Friday, July 01, 2005

Usage Rules for NULL

A useful article Four rules on Nulls. Was a good read.

The article starts with explaining what NULL actually is and puts forth four rules on NULL usage.

Rule #1: Use NULLs to indicate unknown/missing information only. Do not use NULLs in place of zeroes, zero-length strings or other "known" blank values. Update your NULLs with proper information as soon as possible.

Rule #2: In ANSI SQL, NULL is not equal to anything, even other NULLs! Comparisons with NULL always result in UNKNOWN.

Rule #3: Use SET ANSI_NULLS ON, and always use ANSI Standard SQL Syntax for NULLs. Straying from the standard can cause problems including portability issues, incompatibility with existing code and databases and returning incorrect results.

Rule #4: The ANSI Standard COALESCE() and CASE syntaxes are preferred over ISNULL() or other proprietary syntax.

Via: Anand

Recommendations for using Strings in 2.0

I read an article in MSDN by Dave New Recommendations for Using Strings in Microsoft .NET 2.0. Extract below:

Code owners previously using the InvariantCulture for string comparison, casing, and sorting should strongly consider using a new set of String overloads in Microsoft .NET 2.0. Specifically, data that is designed to be culture-agnostic and linguistically irrelevant should begin specifying overloads using either the StringComparison.Ordinal or StringComparison.OrdinalIgnoreCase members of the new StringComparison enumeration. These enforce a byte-by-byte comparison similar to strcmp that not only avoids bugs from linguistic interpretation of essentially symbolic strings, but provides better performance.

Recommendations for String Use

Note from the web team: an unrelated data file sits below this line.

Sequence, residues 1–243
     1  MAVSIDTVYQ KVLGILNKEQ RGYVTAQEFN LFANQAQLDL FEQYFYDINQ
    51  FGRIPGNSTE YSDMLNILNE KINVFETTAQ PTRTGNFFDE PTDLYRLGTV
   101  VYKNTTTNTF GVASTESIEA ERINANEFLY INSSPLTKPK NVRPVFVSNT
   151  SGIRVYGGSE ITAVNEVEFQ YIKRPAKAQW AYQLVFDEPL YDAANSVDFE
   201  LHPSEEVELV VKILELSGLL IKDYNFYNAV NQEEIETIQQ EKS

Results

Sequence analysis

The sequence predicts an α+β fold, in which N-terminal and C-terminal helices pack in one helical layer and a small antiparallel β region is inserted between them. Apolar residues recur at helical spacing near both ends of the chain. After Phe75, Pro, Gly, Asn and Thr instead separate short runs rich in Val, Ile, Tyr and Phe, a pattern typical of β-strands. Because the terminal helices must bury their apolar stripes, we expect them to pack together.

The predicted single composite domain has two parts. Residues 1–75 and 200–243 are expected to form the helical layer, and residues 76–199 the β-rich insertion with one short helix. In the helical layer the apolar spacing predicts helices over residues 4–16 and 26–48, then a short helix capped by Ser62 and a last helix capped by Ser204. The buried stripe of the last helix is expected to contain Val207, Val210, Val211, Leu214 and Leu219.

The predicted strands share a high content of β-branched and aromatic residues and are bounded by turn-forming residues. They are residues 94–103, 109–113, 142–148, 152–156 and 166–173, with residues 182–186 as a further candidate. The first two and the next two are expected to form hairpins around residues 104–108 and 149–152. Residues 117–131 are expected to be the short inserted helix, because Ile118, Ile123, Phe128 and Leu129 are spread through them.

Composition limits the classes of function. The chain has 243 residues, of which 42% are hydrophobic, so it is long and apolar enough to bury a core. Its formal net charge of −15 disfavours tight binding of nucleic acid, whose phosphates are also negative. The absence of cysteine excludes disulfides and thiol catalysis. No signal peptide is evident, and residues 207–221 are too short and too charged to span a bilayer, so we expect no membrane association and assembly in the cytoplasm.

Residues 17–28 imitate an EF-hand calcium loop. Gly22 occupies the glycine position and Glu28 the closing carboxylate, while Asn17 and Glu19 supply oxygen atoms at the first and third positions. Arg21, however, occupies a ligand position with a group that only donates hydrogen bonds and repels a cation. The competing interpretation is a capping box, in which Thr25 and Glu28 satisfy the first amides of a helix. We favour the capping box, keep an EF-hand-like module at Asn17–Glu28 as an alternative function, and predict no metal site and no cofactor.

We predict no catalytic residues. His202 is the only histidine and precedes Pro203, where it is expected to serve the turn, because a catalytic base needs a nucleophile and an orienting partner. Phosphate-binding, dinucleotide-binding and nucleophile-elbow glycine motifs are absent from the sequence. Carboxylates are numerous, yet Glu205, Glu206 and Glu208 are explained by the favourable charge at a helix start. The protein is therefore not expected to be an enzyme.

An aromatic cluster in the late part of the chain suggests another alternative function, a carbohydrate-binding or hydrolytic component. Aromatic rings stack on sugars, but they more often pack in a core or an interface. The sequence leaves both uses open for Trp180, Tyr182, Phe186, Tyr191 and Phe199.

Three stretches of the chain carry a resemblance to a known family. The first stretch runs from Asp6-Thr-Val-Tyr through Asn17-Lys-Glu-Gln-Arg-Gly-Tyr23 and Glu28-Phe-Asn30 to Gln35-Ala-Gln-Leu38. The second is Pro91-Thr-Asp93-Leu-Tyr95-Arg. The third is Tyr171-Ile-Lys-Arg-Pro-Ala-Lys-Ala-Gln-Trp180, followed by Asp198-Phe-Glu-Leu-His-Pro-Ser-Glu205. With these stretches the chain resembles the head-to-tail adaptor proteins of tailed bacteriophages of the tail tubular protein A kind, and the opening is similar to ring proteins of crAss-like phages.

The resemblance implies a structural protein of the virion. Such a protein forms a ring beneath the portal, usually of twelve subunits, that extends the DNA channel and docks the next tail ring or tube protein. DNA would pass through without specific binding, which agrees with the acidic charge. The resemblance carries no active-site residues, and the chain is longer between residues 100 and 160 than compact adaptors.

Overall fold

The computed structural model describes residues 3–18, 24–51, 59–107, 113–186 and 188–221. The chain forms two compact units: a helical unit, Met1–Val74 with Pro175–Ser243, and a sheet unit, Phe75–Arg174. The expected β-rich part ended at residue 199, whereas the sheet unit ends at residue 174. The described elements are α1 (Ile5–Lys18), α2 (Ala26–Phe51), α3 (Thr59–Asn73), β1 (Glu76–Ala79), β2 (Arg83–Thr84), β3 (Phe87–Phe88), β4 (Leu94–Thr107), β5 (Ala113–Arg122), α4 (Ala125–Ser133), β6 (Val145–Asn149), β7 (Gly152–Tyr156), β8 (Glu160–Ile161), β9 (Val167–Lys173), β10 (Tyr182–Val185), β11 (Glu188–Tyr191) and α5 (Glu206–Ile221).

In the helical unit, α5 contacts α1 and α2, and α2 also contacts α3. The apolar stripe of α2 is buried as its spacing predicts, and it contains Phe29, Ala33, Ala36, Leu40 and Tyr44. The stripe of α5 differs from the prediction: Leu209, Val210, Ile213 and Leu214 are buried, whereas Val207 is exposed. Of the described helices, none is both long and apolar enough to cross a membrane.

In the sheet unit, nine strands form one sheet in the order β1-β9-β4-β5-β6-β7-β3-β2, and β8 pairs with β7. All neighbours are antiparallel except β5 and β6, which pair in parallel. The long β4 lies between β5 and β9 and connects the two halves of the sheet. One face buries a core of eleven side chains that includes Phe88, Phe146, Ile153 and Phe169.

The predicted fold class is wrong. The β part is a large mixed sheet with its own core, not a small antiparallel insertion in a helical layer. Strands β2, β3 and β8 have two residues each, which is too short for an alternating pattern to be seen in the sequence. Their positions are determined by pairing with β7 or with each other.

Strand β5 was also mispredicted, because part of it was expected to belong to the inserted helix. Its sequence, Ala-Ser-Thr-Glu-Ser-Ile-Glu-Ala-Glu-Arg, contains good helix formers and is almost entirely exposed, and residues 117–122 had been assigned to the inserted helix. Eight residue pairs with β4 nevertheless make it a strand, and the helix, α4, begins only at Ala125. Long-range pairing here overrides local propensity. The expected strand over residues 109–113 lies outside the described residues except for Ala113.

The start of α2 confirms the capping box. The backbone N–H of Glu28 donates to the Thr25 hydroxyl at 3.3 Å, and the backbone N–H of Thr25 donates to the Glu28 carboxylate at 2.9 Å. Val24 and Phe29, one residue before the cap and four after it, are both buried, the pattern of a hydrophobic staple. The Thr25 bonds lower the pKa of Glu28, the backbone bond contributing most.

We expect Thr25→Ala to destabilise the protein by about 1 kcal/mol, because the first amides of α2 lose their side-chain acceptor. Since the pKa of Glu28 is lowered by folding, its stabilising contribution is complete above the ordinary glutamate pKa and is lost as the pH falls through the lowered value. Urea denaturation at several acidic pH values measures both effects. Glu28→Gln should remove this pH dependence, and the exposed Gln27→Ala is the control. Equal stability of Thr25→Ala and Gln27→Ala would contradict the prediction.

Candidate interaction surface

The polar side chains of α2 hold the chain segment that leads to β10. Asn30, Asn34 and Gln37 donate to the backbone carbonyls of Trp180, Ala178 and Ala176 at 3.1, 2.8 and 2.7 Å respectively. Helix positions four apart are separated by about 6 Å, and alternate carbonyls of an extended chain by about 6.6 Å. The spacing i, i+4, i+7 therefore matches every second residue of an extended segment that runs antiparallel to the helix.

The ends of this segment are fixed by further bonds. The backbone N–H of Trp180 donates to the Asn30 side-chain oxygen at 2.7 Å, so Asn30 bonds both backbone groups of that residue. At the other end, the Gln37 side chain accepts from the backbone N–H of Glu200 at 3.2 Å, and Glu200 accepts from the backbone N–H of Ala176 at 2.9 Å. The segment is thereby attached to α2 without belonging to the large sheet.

When developing with the 2.0 version of the .NET Framework, keeping a few very simple recommendations in mind will suffice to solve confusion about using strings.


  1. Use StringComparison.Ordinal or OrdinalIgnoreCase for comparisons as your safe default for culture-agnostic string matching.
  2. Use StringComparison.Ordinal and OrdinalIgnoreCase comparisons for increased speed.
  3. Use StringComparison.CurrentCulture-based string operations when displaying the output to the user.
  4. Switch current use of string operations based on the invariant culture to use the non-linguistic StringComparison.Ordinal or StringComparison.OrdinalIgnoreCase when the comparison is linguistically irrelevant (symbolic, for example).
  5. Use ToUpperInvariant rather than ToLowerInvariant when normalizing strings for comparison.


  1. Use overloads for string operations that don't explicitly or implicitly specify the string comparison mechanism.
  2. Use StringComparison.InvariantCulture-based string operations in most cases; one of the few exceptions would be persisting linguistically meaningful but culturally-agnostic data.
A read of the article would surely give an insight towards best practices for string comparison.... excellent article...

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